The root cause of this could lie in our natural, fallen nature, which predisposes us to shape our religion based upon the dictates of our own hearts rather than divine revelation. That is recorded in Romans 1: God has revealed Himself to all of humanity, but humanity has responded by rejecting that revelation and worshiping gods of their own making. This tendency to reject revelation in favor of our own thoughts and desires is as dangerous as it is sinful, and we as fallen human beings must always watch out for it. Could it be that the heavy reliance on personal testimonies today is the result of this tendency? If so, are we not drifting away from the Word of God?

Another reason for their popularity could be that they are easy. It is much easier to tell one’s own story than it is to become well-versed in the truths of the gospel. Although this was mentioned in Part 1, it is worth repeating here: The best training for evangelism is theological study. This does not have to be lengthy, expensive seminary training but a basic—and solid—grounding in the truths that comprise the gospel message, such as what God is like, who Jesus is, the resurrection, the virgin birth, what faith is, what repentance is, how sin is atoned for, and so on. This takes some work, but what child of God would not take delight in learning them and sharing them with others? If we value personal testimonies because they are easier than studying the theological content of the gospel message, are we not drifting away from the Word of God?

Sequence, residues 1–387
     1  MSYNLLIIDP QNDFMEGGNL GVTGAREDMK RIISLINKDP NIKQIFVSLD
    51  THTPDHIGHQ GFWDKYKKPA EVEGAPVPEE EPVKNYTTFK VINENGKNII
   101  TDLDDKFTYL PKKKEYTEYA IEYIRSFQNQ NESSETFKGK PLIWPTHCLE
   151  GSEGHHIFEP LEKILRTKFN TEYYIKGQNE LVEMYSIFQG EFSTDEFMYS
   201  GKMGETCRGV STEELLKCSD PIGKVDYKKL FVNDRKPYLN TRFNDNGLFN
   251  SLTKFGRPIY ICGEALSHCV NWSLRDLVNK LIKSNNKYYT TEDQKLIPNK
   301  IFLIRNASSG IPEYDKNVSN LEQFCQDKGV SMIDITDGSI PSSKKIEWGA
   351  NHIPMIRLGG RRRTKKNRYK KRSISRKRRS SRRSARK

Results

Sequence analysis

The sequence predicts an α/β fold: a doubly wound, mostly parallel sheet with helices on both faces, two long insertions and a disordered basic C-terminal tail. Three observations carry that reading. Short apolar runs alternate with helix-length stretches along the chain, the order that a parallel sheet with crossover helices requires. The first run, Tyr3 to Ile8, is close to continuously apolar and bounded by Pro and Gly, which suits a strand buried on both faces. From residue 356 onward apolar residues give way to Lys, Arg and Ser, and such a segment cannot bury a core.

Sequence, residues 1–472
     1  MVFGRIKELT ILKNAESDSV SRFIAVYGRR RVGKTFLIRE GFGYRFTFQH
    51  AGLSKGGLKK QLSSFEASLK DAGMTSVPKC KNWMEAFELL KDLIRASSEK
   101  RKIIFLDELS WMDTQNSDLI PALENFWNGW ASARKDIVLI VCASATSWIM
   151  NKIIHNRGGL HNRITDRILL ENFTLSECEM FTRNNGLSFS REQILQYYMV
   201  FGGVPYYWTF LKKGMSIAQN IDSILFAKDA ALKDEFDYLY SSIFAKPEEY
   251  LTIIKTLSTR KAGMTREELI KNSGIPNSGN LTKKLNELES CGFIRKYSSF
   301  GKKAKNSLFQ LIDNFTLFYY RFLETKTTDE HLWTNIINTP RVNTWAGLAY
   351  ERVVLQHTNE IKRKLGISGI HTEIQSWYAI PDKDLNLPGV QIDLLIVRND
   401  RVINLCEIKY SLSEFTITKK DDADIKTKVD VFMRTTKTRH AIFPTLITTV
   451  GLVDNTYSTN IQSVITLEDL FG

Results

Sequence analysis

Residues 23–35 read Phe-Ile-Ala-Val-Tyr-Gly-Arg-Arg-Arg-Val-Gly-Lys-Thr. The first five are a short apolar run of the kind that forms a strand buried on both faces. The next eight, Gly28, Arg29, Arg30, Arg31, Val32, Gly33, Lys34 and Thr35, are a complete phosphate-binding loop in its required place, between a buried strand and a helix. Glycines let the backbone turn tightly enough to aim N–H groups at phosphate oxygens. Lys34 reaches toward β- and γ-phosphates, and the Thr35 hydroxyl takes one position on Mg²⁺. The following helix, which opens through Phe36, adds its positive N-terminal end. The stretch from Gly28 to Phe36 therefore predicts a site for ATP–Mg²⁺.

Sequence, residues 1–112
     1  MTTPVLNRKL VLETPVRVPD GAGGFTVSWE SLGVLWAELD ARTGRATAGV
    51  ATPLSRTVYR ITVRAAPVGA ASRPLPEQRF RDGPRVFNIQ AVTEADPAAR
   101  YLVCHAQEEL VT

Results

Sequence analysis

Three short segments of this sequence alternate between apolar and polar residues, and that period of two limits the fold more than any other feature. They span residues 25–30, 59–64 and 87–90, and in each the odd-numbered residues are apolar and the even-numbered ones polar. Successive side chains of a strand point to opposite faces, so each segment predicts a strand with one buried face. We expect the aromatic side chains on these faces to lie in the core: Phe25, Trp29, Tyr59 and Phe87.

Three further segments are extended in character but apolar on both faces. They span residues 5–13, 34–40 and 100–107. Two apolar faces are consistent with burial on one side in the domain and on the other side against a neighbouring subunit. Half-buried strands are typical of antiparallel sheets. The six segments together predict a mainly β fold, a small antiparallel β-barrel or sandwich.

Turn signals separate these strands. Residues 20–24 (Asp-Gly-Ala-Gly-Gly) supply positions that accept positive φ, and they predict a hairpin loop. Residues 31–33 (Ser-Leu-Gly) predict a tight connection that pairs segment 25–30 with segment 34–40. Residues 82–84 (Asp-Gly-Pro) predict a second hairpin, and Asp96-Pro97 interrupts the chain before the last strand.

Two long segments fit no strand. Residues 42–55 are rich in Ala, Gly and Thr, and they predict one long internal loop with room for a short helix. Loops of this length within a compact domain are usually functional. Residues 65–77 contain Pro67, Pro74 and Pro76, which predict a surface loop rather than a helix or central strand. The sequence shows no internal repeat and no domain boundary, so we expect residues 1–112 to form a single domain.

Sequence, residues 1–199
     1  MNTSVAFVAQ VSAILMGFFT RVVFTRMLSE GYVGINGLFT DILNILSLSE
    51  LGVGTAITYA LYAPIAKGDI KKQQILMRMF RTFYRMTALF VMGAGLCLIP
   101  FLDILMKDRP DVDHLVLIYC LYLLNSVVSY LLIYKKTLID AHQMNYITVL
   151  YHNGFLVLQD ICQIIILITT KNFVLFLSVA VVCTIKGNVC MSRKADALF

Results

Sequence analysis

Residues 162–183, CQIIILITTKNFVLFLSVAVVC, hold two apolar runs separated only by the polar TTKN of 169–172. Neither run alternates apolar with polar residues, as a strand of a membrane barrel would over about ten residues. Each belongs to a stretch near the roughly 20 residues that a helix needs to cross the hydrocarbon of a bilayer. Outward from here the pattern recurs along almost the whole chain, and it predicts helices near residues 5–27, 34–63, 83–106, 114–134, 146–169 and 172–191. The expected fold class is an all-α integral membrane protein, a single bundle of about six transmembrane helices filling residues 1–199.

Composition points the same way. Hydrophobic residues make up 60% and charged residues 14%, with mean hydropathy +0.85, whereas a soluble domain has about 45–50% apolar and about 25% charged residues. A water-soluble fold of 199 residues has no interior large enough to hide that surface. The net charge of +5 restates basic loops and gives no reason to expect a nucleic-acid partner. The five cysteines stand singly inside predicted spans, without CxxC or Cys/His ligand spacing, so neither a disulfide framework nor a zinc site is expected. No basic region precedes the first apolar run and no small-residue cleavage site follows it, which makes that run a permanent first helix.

Personal testimonies are also easy because they are risk-free to a great extent. They are safe. My own personal story is far less likely to draw antagonism and hostility than the story about Christ. Why? because my personal story will come across as just one more personal account out of countless others, no better than anyone else’s. It is purely subjective. Why should the unbeliever regard my subjective experience as superior to that of a non-Christian? Another reason is that there is nothing about my personal testimony that commands people to believe in Jesus Christ and repent of their sins. It simply conveys that I have believed in Christ and repented, and it implies that the hearer would benefit by doing the same. It is more like a television commercial trying to get someone to “buy” the gospel, with the testimony-bearer saying something like, “I used to be unhappy, lonely and depressed, but since I accepted Jesus, my life is so much better. So give Jesus a try—you won’t be sorry.” That is easy and safe because it presents no terrible consequence if one does not believe and repent. It simply offers something positive that will satisfy our natural desires.